5 Daily Habits That Create Mental Stability

5 Daily Habits That Create Mental Stability

People with severe mental illnesses – generally die 10-20 years earlier than the general population, according to the World Health Organisation (WHO).

Those without a solid grasp of their mental state have recorded low levels of life satisfaction.

Now, this is in no way a scare tactic, however; with the level of information and increase in global stress levels, young people run higher risks of suffering from mental illness.

Frankly, you need to have more good days than bad days to keep your head above water and we’ve found basic daily routines to keep your mental health in check.

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5 Daily Habits That Create Mental Stability


As young people, a term we are very familiar with is cutting people off, especially when getting a new phase of life, a new job, a new location or even a new year.

Although randomly cutting people off has been described as unhealthy, it’s best to know how the people around you affect your mental health.

So, take out time to study the people in your life, and what they bring.

Negative or positive, helpful or stressful?

Remove the negative people or at least reduce their impact. This is a definite game changer.


People treat you how you teach them to treat you.

Granted, some people behave however they want irrespective of how their behaviour is viewed, however; you can draw limits on how you want people to relate with you and inadvertently how you are treated.

If you’ve never done this, it might be a little difficult for you and the people in your life to adjust to it, but you will be better off for it.

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Fight or flight is a usual method of operation for a lot of young people; its ether battle stations or escape routes.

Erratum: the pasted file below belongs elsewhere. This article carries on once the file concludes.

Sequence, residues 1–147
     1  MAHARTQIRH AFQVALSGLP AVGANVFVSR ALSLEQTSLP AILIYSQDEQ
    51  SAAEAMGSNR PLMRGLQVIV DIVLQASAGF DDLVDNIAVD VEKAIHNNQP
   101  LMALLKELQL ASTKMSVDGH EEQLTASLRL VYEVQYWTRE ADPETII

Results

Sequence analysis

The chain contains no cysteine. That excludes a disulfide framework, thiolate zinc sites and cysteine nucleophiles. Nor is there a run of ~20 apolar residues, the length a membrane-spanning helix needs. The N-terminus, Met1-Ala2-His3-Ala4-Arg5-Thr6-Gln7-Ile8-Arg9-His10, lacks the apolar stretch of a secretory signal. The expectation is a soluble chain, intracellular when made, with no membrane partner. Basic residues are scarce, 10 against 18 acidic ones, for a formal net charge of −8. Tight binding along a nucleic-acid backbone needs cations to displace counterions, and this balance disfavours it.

No in between.

It’s however possible to try a different, healthier approach.

People with perfectly managed emotions do not react to issues, instead, they think over them.

They get their own perspective, listen without any judgment, and avoid reacting instantly.

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Do you do things for people because you want to or because you struggle with saying ‘no’?

It might not be obvious to you that you are a people pleaser, but if you notice you feel burdened when “helping people” you should find out the root cause of why you struggle with saying no.

If this is not checked your mental health is going to suffer.

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The phrase ‘No expectations, No disappointment’ has been quoted one too many times by underachievers, but a good take home from that is voiding undue expectations.

To find a healthy balance, it is best to set very realistic and achievable expectation for yourself. A good way to do this is organising a self-review.

Write out your goals, map out your plan on achieving them, this will help you separate the achievable from the non-achievable.

Taking care of your mental health should be on of your to-do list at all times and if you take these tips and make them a part of your daily routine, you will have more control of your mental health at all times and boost your overall positivity.

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